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Showing posts from December, 2011

Normal service will be resumed in 2012...

I'm going to take a couple of weeks away for Christmas (although I probably won't be able to resist blogging if something important happens between now and the 1st of January 2012.) I'm going to be doing one or two things over Christmas as well as enjoying the festive cheer Writing a GCSE book Completing a major resource pack for the Ordnance Survey Planning out a Children's book I'm going to be writing Preparing for CPD events in the New Year Writing some Online Updates for Harper Collins Edits and proofreading for 2 books I'm editing that are published in early 2012 Adding new content to my Vital Geography Portal Preparing some thoughts for new Curriculum consultation Putting together some ideas for Mission:Explore Food On 1st of January I'll be back with various New Year thoughts... Please join me on the 5th of January for my Teachshare on New Year New Geography It'd be great to have your company at 7pm with your plans for the ye

Moorland Changes

I worked on a range of projects for the Royal Geographical Society a few months back, and the final pieces of the project that I contributed have now gone live on the RGS website. They were part of the Goldsmith's funded FROM THE FIELD project. The latest module which I contributed was for the KS4 series, and is on the theme of MOORLAND ECOLOGY . It explores the process of moorland regeneration, and its link with the ecology that is needed to make the regrowth productive. It's worth remembering that all the resources from the Geography Teaching Today website have now been migrated to either the RGS or the GA websites, depending on which organisation was responsible for producing the original content. If you're after the excellent KS3 RESOURCES they are available here on the RGS website. If you're after the FIELDWORK resources they're here on the RGS website. Thanks to Rose Wilcox , PhD researcher from the University of Hull for her guidance an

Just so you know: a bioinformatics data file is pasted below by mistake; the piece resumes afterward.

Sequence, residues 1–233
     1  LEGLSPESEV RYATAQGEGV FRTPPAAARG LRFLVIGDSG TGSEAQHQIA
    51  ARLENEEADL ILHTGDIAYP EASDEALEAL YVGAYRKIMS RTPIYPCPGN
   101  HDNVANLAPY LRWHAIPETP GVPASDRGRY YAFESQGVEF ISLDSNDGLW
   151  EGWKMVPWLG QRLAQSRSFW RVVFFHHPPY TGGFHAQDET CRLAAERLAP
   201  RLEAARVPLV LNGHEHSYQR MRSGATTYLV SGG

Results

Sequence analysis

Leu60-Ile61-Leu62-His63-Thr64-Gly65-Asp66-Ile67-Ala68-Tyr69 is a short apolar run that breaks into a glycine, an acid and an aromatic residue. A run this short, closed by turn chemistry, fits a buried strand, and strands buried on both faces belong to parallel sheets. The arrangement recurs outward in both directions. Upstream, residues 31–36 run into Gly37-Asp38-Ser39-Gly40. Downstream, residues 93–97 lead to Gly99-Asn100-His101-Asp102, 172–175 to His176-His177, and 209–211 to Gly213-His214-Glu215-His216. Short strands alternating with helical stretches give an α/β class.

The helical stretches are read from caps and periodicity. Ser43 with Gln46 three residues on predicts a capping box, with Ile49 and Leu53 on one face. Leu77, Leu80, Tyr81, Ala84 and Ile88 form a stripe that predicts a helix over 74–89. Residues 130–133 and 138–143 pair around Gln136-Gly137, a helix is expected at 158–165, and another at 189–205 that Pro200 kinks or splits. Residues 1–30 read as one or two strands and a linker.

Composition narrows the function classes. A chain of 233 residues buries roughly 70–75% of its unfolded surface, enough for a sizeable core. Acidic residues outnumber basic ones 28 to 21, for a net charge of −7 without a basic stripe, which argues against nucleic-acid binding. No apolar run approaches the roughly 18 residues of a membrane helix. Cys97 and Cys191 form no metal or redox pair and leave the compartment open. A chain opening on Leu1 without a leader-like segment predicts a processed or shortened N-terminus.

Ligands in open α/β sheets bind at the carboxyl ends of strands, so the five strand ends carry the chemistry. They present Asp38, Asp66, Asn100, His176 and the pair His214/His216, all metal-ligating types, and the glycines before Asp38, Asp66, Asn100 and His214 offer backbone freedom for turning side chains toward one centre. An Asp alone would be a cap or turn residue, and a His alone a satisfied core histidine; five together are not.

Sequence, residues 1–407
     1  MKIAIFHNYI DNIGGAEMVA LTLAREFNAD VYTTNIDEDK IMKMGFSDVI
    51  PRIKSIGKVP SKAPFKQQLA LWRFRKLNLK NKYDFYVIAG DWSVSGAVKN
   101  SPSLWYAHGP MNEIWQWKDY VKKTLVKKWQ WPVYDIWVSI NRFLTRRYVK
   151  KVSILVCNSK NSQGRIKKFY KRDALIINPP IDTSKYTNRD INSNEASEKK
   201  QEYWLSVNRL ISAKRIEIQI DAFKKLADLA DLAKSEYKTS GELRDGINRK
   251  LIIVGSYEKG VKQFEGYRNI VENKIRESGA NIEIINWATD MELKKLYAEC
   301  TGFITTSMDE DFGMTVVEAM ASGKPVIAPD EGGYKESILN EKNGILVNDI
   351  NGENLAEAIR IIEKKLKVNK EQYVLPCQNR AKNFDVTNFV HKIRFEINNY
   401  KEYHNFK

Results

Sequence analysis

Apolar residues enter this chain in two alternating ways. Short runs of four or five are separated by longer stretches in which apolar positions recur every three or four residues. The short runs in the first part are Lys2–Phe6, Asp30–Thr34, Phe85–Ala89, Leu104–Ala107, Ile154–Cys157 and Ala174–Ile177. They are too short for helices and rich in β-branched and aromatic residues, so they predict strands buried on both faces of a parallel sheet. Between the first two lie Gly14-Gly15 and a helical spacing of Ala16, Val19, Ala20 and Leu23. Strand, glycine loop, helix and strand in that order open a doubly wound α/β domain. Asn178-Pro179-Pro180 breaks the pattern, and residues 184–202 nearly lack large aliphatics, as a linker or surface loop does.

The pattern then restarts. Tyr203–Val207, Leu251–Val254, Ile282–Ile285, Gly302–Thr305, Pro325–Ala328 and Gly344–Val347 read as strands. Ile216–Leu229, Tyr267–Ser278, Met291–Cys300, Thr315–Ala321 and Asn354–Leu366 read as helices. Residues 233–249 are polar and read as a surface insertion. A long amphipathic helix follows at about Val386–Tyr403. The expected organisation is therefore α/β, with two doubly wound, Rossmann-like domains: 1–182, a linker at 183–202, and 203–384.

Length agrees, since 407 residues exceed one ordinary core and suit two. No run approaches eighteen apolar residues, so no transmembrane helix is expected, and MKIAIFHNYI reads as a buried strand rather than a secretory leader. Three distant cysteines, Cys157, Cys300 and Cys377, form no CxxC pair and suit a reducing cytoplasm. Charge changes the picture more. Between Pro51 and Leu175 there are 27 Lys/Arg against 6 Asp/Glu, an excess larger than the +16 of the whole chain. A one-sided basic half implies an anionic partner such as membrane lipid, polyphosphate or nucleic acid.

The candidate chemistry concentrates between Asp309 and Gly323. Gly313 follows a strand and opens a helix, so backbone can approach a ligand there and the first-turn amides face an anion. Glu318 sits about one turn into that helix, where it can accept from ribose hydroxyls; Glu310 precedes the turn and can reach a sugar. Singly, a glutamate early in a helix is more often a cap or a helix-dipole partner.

Landscape in a Box - more student examples

Thanks to Jack Marsh for sending me some examples of 'landscapes in a box '. Landscapes in a box is one of the ideas that seems to have gone down the best of the things that I've shared over the years. The basic idea is to create a landscape within a box, perhaps a burger box (but could also be a shoe box) This was featured in 'Teaching Geography' in 2009. Jack used the activity with his groups, and has sent me three excellent images of contrasting images from the students: an Antarctic scene, New York's Central Park, and Paris... Outstanding work !! If you've used Landscape in a Box, why not share your students' work too...